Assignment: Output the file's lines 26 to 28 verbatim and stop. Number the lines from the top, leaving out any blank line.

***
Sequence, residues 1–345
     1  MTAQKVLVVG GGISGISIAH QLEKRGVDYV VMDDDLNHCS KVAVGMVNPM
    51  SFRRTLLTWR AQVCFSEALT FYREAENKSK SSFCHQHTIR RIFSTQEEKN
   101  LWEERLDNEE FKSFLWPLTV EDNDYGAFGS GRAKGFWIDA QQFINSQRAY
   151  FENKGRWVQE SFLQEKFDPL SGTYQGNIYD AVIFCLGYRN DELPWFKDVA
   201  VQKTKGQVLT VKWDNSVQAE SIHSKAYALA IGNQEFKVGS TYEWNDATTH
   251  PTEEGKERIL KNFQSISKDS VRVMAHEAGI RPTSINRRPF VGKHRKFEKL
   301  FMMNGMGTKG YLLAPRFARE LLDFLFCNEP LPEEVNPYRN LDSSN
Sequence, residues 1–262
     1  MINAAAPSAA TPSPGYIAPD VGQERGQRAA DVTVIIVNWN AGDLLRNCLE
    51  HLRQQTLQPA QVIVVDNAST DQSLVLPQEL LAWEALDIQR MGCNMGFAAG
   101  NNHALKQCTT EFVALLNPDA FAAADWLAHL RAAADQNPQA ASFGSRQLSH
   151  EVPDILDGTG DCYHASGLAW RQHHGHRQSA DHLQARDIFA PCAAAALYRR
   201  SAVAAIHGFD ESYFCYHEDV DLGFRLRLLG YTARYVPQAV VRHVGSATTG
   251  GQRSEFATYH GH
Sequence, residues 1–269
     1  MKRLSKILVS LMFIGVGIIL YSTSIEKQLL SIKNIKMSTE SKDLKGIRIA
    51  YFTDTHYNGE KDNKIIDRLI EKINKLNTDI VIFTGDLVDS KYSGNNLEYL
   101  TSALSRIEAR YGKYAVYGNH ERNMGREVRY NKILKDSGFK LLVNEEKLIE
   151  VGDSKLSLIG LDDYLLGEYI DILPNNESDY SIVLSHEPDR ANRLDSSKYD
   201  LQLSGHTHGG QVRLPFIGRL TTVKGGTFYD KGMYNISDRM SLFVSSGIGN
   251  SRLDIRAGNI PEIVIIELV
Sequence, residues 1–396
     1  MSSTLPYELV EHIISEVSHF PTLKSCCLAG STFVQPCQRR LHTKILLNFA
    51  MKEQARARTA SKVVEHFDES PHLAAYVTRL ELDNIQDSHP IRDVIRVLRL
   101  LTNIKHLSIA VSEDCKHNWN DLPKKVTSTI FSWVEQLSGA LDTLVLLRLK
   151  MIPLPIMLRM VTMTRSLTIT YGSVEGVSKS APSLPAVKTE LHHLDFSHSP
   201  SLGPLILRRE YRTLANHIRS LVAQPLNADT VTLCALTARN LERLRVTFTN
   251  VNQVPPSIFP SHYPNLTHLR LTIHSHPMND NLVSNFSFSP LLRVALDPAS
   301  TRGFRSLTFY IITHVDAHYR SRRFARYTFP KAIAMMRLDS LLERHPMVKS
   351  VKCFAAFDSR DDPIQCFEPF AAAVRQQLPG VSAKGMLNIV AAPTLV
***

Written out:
   101  LTNIKHLSIA VSEDCKHNWN DLPKKVTSTI FSWVEQLSGA LDTLVLLRLK
   151  MIPLPIMLRM VTMTRSLTIT YGSVEGVSKS APSLPAVKTE LHHLDFSHSP
   201  SLGPLILRRE YRTLANHIRS LVAQPLNADT VTLCALTARN LERLRVTFTN